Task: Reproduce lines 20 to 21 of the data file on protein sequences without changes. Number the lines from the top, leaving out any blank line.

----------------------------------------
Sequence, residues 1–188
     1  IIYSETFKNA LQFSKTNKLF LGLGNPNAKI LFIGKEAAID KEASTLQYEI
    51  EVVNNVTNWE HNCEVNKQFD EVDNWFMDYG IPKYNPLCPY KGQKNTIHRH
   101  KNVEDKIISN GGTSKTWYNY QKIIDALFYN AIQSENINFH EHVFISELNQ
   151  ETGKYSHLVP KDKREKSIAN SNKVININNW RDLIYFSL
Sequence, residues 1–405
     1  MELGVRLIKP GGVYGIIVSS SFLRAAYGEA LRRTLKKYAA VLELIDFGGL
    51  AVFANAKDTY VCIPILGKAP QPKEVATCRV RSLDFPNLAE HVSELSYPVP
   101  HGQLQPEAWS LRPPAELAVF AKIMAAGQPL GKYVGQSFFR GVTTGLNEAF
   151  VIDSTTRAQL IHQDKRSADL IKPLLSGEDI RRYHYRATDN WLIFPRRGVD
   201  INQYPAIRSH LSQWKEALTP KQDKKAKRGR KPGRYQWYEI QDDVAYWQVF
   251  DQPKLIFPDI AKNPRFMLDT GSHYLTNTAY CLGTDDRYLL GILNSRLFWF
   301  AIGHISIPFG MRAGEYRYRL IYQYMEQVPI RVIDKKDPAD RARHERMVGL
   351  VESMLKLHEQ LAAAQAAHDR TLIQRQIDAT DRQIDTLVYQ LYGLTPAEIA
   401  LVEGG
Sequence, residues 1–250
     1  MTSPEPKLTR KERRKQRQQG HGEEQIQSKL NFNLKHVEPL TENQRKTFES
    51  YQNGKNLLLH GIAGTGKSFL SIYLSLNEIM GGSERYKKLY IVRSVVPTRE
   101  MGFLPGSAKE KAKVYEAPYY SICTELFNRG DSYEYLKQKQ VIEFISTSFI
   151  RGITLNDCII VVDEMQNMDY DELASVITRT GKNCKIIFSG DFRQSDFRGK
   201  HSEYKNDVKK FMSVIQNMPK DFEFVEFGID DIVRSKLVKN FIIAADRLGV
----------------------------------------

   151  RGITLNDCII VVDEMQNMDY DELASVITRT GKNCKIIFSG DFRQSDFRGK
   201  HSEYKNDVKK FMSVIQNMPK DFEFVEFGID DIVRSKLVKN FIIAADRLGV